Daily Bible reading: Psalm 79-81; Romans 8:1-18

Grace

What is grace? To some, it is the Get Our of Jail Free card because, after all, God will always forgive me, right? It would mean that we can do anything and, as long as we ask forgiveness, we’re good. But if you’re never truly repentant, can there ever be true forgiveness?

What shall we say then? Are we to continue in sin that grace may abound? By no means! How can we who died to sin still live in it?

Romans 6:1-2 (ESV)

The doctrine of grace is this: we are born into sin because of Adam’s sinfulness in the Garden. Because of that sin, we are ever separated from God and can never be reconciled with Him. Grace is what we have been offered through Jesus’ blood as a way to come to God. One of my Bible school teachers put it this way:

Faith is our grip on God.
Grace is God’s grip on us.

Grace is not an excuse to sin, but rather an excuse to stay away from sin. We can either be alive in Christ and dead to sin or alive in sin and dead to Christ. We cannot be both alive to sin and alive in Christ. If Christ, the light of the world, be in us, darkness cannot also dwell there.

In him was life, and the life was the light of men. The light shines in the darkness, and the darkness has not overcome it.

John 1:4-5 (ESV)

Daily Bible reading: Psalm 75-77; Romans 6

Hope

Yesterday we talked about trials and the fact that, as Christians, we can expect to have to endure them as David did. All the time. Sounds great, doesn’t it?

Check out the first few verses in today’s reading in Romans:

Therefore, since we have been justified by faith, we have peace with God through our Lord Jesus Christ. Through him we have also obtained access, by faith into this grace in which we stand , and we rejoice in hope of the glory of God. More than that, we rejoice in our sufferings, knowing that suffering produces endurance, and endurance produces character, and character produces hope, and hope does not put us to shame, because God’s love has been poured into our hearts through the Holy Spirit who has been given to us.

Romans 5:1-5 (ESV)

Suffering produces hope. Sounds counter intuitive if you ask me. But that’s skipping out the middle part. Suffering to endurance to character to hope. It makes sense. Look at David. His trials caused him to lean more heavily on God. Each time he came against a wall, he laid his worries, his complaints, his pain at God’s feet. Each time he made it through, it became easier to make it through the next storm. He endured. And, because he weathered the storms upright, he became a man of greater faith and greater character. When he came out the other side, he had more hope in the One who brought him through.

It becomes easy to see how people can become discouraged and downhearted. If you have no faith how can you ever have any hope that things can be different? How can you ever grow in endurance and character if you’re always parked in the middle of a storm without anyone near who can stand and command the wind to cease?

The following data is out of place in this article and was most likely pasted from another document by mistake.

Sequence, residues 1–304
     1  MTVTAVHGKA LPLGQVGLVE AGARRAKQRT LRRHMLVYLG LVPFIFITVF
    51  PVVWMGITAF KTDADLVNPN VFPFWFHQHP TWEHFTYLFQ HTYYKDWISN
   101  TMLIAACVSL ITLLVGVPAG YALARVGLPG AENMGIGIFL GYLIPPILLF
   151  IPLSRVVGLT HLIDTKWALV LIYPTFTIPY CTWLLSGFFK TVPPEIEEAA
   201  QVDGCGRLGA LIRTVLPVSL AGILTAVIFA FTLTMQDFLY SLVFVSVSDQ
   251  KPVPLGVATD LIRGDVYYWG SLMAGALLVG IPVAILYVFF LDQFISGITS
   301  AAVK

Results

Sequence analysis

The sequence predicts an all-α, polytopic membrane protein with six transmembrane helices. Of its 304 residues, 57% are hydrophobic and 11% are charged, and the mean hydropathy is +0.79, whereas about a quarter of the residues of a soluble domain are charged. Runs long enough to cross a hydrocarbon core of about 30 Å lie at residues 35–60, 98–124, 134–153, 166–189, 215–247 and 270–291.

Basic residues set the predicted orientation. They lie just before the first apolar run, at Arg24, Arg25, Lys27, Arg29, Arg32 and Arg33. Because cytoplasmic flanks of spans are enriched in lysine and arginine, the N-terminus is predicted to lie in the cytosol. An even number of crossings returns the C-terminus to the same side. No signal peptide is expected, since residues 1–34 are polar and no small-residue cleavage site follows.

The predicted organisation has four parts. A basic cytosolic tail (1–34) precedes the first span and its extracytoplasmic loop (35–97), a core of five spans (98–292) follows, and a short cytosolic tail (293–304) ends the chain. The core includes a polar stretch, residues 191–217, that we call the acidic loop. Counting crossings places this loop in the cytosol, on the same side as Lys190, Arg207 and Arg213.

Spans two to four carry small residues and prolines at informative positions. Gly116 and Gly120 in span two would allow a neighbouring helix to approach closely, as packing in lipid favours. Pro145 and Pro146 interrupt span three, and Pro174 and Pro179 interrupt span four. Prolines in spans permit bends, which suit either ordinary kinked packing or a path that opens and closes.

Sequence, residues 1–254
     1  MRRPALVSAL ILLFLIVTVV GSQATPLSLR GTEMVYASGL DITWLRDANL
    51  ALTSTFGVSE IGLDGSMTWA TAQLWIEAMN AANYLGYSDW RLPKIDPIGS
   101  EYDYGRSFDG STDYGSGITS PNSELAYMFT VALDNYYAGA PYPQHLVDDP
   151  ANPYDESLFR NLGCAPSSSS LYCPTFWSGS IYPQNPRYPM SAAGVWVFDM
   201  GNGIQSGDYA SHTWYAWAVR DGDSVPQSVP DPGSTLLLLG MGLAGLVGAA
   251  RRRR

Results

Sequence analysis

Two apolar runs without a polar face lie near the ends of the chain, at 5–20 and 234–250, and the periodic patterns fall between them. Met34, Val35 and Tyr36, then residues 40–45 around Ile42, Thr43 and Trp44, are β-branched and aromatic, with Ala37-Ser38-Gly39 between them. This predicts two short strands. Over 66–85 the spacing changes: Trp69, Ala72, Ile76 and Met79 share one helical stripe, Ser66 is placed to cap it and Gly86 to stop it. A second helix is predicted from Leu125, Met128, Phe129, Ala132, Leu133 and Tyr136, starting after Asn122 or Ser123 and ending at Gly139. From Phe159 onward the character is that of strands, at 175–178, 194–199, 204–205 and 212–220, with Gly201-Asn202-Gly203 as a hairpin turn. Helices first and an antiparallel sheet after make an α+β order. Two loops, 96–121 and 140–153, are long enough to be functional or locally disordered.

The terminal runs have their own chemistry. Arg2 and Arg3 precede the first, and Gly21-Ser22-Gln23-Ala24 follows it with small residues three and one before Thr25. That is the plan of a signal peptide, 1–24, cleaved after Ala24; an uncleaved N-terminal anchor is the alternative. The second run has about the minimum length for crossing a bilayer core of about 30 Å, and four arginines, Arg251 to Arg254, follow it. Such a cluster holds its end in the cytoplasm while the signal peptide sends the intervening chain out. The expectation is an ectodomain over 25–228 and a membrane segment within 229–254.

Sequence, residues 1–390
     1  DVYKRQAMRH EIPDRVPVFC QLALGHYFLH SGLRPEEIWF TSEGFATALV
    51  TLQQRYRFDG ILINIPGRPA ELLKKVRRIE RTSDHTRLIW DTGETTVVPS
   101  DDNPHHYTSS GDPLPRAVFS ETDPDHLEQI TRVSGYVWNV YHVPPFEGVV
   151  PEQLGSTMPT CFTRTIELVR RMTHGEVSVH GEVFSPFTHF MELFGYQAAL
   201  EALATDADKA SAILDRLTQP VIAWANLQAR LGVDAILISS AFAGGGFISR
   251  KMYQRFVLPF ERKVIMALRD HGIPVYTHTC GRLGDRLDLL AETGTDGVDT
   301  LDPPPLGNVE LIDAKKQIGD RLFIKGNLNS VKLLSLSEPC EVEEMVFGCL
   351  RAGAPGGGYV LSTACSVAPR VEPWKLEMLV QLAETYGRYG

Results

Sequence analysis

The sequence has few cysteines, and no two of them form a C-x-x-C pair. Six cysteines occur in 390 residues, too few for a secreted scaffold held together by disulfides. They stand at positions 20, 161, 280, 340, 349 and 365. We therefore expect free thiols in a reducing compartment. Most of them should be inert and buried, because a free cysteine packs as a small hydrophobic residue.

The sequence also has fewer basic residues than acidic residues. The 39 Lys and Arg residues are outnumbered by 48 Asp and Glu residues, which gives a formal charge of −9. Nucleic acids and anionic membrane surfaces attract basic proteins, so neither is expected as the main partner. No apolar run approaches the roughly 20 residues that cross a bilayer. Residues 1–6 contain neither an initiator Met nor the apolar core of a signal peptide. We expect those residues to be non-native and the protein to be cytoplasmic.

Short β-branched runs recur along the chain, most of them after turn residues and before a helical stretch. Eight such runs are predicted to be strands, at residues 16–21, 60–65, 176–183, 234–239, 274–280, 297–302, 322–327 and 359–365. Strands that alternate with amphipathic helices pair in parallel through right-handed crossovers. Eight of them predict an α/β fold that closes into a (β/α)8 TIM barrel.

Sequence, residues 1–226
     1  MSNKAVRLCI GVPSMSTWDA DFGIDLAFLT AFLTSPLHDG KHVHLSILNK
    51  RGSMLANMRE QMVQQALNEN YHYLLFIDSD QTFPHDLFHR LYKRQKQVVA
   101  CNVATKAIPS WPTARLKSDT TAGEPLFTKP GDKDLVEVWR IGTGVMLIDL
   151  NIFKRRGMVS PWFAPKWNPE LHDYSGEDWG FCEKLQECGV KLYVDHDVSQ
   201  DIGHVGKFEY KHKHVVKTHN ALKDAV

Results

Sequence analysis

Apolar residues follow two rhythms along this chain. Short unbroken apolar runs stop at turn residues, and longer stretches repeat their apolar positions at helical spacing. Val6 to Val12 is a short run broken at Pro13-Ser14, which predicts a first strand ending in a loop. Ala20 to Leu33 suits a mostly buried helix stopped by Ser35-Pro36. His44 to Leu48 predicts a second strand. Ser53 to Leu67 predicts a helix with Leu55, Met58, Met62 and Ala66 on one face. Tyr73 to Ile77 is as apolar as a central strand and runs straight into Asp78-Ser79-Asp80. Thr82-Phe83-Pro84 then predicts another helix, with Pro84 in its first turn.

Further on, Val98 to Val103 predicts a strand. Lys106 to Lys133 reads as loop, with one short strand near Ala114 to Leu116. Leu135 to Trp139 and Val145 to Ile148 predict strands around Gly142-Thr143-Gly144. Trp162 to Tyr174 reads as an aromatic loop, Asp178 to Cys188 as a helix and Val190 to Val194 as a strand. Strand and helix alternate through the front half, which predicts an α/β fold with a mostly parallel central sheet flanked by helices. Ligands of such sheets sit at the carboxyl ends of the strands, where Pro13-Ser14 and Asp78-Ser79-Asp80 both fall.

We rejoice in the hope of the glory of God.

Daily Bible reading: Psalm 73-74; Romans 5

What Comes Out

You’ve probably heard it said that you should be careful what you allow into your mind and heart. And so you should. But the issue is not so much with what you allow in is as it is with what you allow out.

And he said, “What comes out of a person is what defiles him.”

Mark 7:20 (ESV)

Speaking to his disciples, Jesus went on to say,

“For from within, out of the heart of man, come evil thoughts, sexual immorality, theft, murder, adultery, coveting, wickedness, deceit, sensuality, envy, slander, pride, foolishness. All these evil things come from within, and they defile a person.”

Mark 7:21-23 (ESV)

Wait. What? Hasn’t the media been telling us the evil is all around us? That evil is being done to us? It doesn’t come out of us. Or does it?

Be careful what you think, because your thoughts run your life.

Proverbs 4:23 (NCV)

I recently read an article that spoke about how people – here, college students (but it applies to all of us) – are told what to think. It doesn’t take much perusing through news sites to validate the truth of this statement. All around us, we – yes, we Christians – are allowing other people to tell us what to think and how we should think.

While we may not be able to prevent the bad things from going in, we can certainly stop the things that defile us from coming out.

Do not be shaped by this world; instead be changed within by a new way of thinking. Then you will be able to decide what God wants for you; you will know what is good and pleasing to him and what is perfect.

Romans 12:2 (NCV)

Being inundated with worldly opinions all day every day, I need to ask myself if I am being shaped by the world or if I am shaping the world around me. Do I allow the thoughts being projected at me to shape the way I think or do I daily renew my mind to a new way of thinking – a way that is good and pleasing to God and perfect – so that I can shape the world around me?

Daily Bible reading: Numbers 21-23, Mark 7:14-8:10